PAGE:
What happened at the Farmers Insurance Open?

Away from the Tiger Woods comeback show (see Talking point) there was a fascinating shoot-out at Torrey Pines as Jason Day and Alex Noren matched each other shot for shot in a play-off, so much so that they returned on Monday morning to decide the winner.

In a three-man play-off Noren spun one back down to kick-in distance which meant Day and Ryan Palmer had to match his birdie. Palmer’s wedge was wide and his putt never threatening but Day knocked his 10 footer straight in the middle. And then it was two…

This time around both players found the green, Day playing a brilliant iron from the first cut to 15 feet, but the result was the same, a pair of birdies.

On to the par-3 16th where Day missed a 10-footer, Noren two-putting from three times that distance, which took them to the par-4 17th and another pair of pars despite both finding the sand off the tee. The Aussie’s putt came up one roll shy of ending it in style while Noren knocked it in from three feet.

It finally looked like going in Noren’s favour after he found the green with his hybrid from 240 yards but Day, having found sand off the tee, wedged to eight feet and holed yet another nerveless putt in almost darkness.

So, it was to be settled on Monday morning.

Day looked to have handed the advantage to the Swede from the 18th tee after he lost his drive right, but, it wasn’t to be for Noren.

Smelling blood he grabbed his three-wood and aimed for the centre of the green but his effort came up just short on the banking and found the water, Day knew a birdie would be good enough.

The Australia hit one of the finest wedge shots of his career to around 18 inches with Noren knowing unless he holed out from the fairway it was all but over.

Noren knocked his effort past and saw the resulting putt slide by leaving Day to tap home for his 11th PGA Tour victory and his second at Torrey Pines.

Coming down the stretch in regulation play there was a four-way tie at 11 under but then Noren, Palmer and JB Holmes all made a mess of the 14th while up ahead Day was bogeying the 15th.

Day’s back was so bad that he had to pull out of the pro-am and could hardly line up a putt on Thursday but then found his game and some pain relief as he then posted a 64. His 70 set the clubhouse target after going out in 32 only to come back in 38 for a four-round aggregate of 10 under.

Holmes added back-to-back bogeys at 15 and 16 to leave himself needing an eagle to tie with Day. After an age he finally pulled the trigger… on a wedge after putting the fairway wood back in the bag. The lay up finished in the rough and while he made a birdie he came up one shot short.

But Palmer, who also bogeyed 15 and needed a closing birdie, played a delightful pitch, using the slope to finish just a few feet away and he joined the play-off.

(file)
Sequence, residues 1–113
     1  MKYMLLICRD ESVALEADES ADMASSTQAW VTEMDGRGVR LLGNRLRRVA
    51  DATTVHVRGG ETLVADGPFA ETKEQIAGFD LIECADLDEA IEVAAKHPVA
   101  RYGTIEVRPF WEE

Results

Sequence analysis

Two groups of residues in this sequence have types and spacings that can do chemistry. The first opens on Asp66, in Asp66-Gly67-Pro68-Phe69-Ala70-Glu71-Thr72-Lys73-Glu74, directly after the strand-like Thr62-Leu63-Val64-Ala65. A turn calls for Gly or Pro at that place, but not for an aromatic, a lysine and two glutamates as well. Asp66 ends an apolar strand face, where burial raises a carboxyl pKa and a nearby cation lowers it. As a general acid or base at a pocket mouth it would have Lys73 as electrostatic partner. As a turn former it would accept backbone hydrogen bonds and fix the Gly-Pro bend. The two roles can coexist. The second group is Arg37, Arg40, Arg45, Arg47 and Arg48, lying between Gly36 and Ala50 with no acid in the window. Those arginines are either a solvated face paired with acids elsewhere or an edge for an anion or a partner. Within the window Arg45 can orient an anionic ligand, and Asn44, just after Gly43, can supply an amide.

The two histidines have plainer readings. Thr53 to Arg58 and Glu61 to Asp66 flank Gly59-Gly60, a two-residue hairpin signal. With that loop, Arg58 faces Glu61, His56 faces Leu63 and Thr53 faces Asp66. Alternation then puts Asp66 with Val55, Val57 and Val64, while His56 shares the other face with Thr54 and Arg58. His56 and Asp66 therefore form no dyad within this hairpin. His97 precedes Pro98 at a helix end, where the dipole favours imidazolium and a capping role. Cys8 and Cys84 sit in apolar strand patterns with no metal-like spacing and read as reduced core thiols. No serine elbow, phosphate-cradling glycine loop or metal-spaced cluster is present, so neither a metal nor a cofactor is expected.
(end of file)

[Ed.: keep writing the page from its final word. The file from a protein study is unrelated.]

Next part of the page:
Noren was a victim of Holmes’ indecision and he changed to a 3-wood from a hybrid at the 18th and overshot the green by such a distance that he had to take a drop off to the side of the green. The Swede gave himself a 15-foot putt for victory but the putt was too pacey.

Defending champion Jon Rahm looked all set for something special after opening rounds of 68-66 but he then doubled the par-5 18th for 75 and his Sunday was two shots worse as he tumbled down the leaderboard.

Best quote

“The only thing I have is my short game and my heart. That got me through today,” Tiger after hitting three fairways on Saturday and still shooting a two-under 70

Talking point

Do you really have to ask? After day two Tiger Woods had to birdie his final hole just to make the weekend, after day three he described his play as ‘gross’ and he only hit 17/56 fairways yet there were plenty of positives as he made his long-awaited PGA Tour return.

Given the Hero World Challenge isn’t an official event this was Tiger’s first weekend golf on Tour since the Wyndham in August 2015. He might have spent much of the week trudging off towards the galleries after a two-way miss off the tee but he finished the week admitting that he thought a 65 on Sunday might have given him a chance of victory.

As it was he was round in 72 for a three-under total and with his work around the greens in good order. After all the talk of chyips and ‘release patterns’ there were whispers down in the Bahamas that he was still a bit iffy with some loft in his hands.

This week there was none of that this week and, while the driver was the low point, the short game deserved an A+.

“His short game is probably as good or better than I ever remember it being,” said Saturday playing partner Brandt Snedeker. “The things I look for are: Is he fighting? Is he grinding? Is he doing the short-game stuff? It’s all there. It’s not as far away as I thought it would be not being able to play professional golf for really two years. I was very encouraged by it.”

Another positive was Woods’ ability to hit shots out of the rough – there was no rough in the Bahamas or in Florida at this time of year – the main problem now is how to avoid hitting so many shots from the thick stuff.

 Moments of the week

Best dressed

I’ll be honest I’m hardly looking at the clothes. That hair. Ollie Schniederjans doesn’t have a cap deal and thank the lord that he doesn’t. The PGA Tour finally has an answer to Robert Rock..

Ollie Schniederjans

Worst dressed

Ordinarily the Swedes are fairly natty dressers but David Lingmerth has let the side down here. There is probably a story behind the shoes, maybe the yellow laces are meant to mirror the national flag but it hasn’t worked here.

David Lingmerth

Tweets of the week

Best stats